David Prior made his directorial debut THE EMPTY MAN great horror classics as a model. And even if it doesn’t quite live up to this due to minor flaws, his modern spooky piece is gripping and oppressive. We reveal more about this in our review.
OT: The Empty Man (USA/ZAF/UK 2020)
Former detective James Lasombra (James Badge Dale) lost his wife Hallison and son Henry in a car accident a year ago. He has spent his rather bleak time since then as a salesman in a security store. One day, a friend named Nora (Marin Ireland) calls him for help: her daughter Amanda (Sasha Frolova) has disappeared without a trace and on the mirror of her apartment there is an inscription written in blood: “The Empty Man made me do it”. Despite this news, the police see no reason to investigate and assume that the young girl ran away from home. So James takes on the case himself and discovers a gruesome legend behind the “Empty Man” that soon has him under his control…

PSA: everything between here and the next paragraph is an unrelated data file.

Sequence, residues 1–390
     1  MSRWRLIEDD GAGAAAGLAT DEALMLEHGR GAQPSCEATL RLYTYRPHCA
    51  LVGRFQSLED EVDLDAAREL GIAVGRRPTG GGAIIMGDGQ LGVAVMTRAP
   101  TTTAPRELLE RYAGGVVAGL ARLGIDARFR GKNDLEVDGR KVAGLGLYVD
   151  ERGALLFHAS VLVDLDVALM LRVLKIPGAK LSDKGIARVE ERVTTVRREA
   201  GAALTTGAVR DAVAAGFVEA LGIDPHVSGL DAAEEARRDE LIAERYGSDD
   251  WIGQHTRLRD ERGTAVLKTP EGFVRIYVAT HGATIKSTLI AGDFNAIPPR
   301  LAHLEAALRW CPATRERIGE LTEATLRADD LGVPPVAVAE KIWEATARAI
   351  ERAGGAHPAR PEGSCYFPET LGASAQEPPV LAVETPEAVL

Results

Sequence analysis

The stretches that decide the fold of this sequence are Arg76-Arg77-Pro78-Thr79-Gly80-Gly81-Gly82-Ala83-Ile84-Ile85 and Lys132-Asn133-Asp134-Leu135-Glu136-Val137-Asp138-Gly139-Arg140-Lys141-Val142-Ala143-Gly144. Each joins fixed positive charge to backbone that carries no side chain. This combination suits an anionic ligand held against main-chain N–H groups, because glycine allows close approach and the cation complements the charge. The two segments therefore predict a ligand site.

In the 1970s and 1980s, it was relatively easy for horror filmmakers to establish major horror icons. Based on the hype surrounding characters like Michael Meyers, Freddy Krueger and Jason Vorhees, all you had to do was put some kind of frightening mask on your killer, give him a somewhat exciting backstory and a cult figure was born. This still works today: Although not nearly as successful and therefore omnipresent as the teen slashers of past decades that have spawned countless sequels, even the masked faces from “The Strangers” or “The Purge” were able to achieve a certain status. Recently, however, the manual effort required to create horror figures with cult potential gave way to simple creation on the computer. And with the help of lame scripts, neither “The Bye Bye Man” nor “Slender Man” became a comparable cult, although the potential for this – consisting of recognition value, a catchy name and an interesting background – definitely existed. Debutant director David Prior is now making his next attempt with “The Empty Man”: His titular monster is based on a well-known comic series, so it already has a certain fan base. Her backstory is interesting and even a blatant part of the film. And last but not least, the (death) rules it emanates are simple. And lo and behold: Despite minor flaws, Prior has created an extremely successful representative of the modern horror thriller, which borrows from one of the best genre films in recent history.
A spooky find, deep underground.